Longer 'dwell' time poses new challenges for Army
August 10, 2010
WASHINGTON (Aug. 9, 2010) -- The chairman of the Joint Chiefs of Staff stressed the need for strong garrison leadership today, underscoring the effects longer periods at home between deployments may have on troops and their families in the future.
Navy Adm. Mike Mullen spoke to Soldiers and airmen at Joint Base Lewis-McChord, Wash., today. By October, more than 30,000 troops will be "at home" there for the first time since 2003.
Soldiers throughout the Army also will soon enjoy a slower deployment tempo, Mullen noted, as major units are projected to have twice as long at home as deployed by the end of 2012. About 70 percent of those units are expected to have a 2-to-1 "dwell time" ratio by the end of 2011, he added.
"That's based off the projections we see right now, so that is a huge change," Mullen said. "This is a big change, and if you are a leader, leading when things are changing is the most difficult kind of leadership, because it's less predictable."
The chairman explained that although more time at home is long overdue, a slower-paced military always must be ready for the unpredictable. Leaders must ensure troops and their families are cared for, he said, stressing the importance of garrison leadership.
"We've got to focus on those things that we have not been able to focus on, because we haven't had the time, as we've been putting units together and rotating in and out of war," the admiral said. "You need to think about what's happening next in an unpredictable world and environment."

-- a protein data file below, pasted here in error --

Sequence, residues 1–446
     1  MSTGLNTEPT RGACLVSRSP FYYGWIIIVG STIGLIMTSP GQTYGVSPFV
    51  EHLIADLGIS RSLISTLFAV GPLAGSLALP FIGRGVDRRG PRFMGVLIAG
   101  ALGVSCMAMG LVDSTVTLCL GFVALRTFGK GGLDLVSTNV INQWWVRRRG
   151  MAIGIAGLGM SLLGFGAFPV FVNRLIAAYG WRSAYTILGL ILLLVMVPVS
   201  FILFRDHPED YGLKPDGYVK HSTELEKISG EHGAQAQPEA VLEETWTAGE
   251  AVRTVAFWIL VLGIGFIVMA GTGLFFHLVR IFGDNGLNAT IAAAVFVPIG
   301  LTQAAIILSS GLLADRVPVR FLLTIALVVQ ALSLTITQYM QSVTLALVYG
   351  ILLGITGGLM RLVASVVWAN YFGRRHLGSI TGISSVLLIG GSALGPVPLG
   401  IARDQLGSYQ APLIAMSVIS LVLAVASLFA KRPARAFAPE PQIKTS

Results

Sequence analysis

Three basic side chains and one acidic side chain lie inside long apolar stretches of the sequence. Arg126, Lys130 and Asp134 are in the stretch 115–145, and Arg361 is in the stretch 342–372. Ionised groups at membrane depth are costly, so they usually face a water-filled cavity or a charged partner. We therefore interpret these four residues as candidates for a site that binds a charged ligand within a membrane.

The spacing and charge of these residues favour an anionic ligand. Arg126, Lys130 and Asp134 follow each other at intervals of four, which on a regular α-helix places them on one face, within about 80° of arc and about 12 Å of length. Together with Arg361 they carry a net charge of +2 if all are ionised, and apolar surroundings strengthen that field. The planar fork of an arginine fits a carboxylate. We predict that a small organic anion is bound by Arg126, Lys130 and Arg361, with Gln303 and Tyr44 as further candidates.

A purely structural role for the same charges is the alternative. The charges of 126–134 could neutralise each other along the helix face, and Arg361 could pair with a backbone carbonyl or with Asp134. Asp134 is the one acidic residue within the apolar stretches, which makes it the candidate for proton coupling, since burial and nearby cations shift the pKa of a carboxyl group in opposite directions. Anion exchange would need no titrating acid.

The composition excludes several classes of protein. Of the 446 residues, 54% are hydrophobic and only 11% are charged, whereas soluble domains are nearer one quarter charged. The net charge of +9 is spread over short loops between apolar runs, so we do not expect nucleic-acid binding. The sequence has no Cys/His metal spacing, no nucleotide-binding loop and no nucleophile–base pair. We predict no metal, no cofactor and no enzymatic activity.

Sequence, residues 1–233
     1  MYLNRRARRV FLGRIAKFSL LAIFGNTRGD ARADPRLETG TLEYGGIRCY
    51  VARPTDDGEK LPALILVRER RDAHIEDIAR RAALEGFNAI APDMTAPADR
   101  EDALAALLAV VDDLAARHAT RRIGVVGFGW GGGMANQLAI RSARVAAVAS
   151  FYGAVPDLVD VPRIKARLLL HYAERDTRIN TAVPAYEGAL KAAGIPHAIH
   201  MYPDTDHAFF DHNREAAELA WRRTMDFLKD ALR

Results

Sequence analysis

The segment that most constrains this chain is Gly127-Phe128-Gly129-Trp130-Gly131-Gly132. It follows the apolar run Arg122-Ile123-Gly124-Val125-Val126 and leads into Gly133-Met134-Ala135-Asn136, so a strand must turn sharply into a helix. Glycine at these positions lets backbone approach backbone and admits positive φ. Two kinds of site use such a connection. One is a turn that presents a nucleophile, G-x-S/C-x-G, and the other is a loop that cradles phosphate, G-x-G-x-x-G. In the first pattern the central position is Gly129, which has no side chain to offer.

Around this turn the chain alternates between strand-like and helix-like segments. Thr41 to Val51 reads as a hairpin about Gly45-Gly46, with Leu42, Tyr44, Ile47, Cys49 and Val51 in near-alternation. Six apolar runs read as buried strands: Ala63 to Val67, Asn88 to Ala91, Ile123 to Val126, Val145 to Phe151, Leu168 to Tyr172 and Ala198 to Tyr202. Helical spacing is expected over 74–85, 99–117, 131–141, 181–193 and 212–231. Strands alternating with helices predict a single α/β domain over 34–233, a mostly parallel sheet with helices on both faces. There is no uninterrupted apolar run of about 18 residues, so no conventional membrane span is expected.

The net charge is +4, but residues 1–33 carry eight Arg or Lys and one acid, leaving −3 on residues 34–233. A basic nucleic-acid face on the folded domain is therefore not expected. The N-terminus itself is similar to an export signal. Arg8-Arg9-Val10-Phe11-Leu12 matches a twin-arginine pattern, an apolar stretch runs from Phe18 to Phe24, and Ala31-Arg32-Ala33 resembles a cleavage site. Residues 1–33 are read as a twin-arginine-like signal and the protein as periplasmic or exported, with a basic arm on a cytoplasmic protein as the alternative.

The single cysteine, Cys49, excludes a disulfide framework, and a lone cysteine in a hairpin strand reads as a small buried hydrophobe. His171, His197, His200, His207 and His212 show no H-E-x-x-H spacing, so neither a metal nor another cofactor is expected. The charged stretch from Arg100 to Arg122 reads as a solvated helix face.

Mullen cited the rising military suicide rate since 2001 to illustrate his point. A recent Army report outlined how units, in an effort to maintain readiness, have overlooked psychological issues Soldiers may have. Leaders have overlooked signals and behaviors, including misconduct, that may have indicated an increased risk of suicide for some Soldiers, Army officials said last month.
Many troops in today's audience are too young to remember the military in peace time, Mullen said. As fewer troops are needed in the fight, he added, he and Army officials recognize that garrison leadership must improve.
The rate of Soldier suicides has risen in each of the past five years. In fiscal 2009, 160 Soldiers took their own lives, while there were more than 1,700 attempts. Army suicides exceed the national average.
Although the Army receives much media attention for its suicide rates, Mullen noted, every service's suicide rate has "dramatically" increased since 2004. This trend is a strong indication of the stress the military has undergone since Sept. 11, 2001, he added.
"At the core of that is strong garrison leadership," the chairman said. "We've got to make sure we get it right across the full spectrum -- units, Soldiers, families. The only way I know how to get at [suicide prevention] is through leadership and leaders focusing on their people.
"There's just too many people taking their lives, and we've got to get ahead of that," he said. "We've got to stay in touch with them. That's a leadership function."
The Army, and military as a whole, Mullen said, must focus on building resilience from servicemembers and their families' first day in the military. The heart of the military lies in its leadership and how each member takes care of each other, he said.
"Every single person in this audience is a leader," he said. "People have to be bold and step in, and this has to do with taking care of each other, leading and mentoring those who come behind you. You can't just passively sit and watch this happen."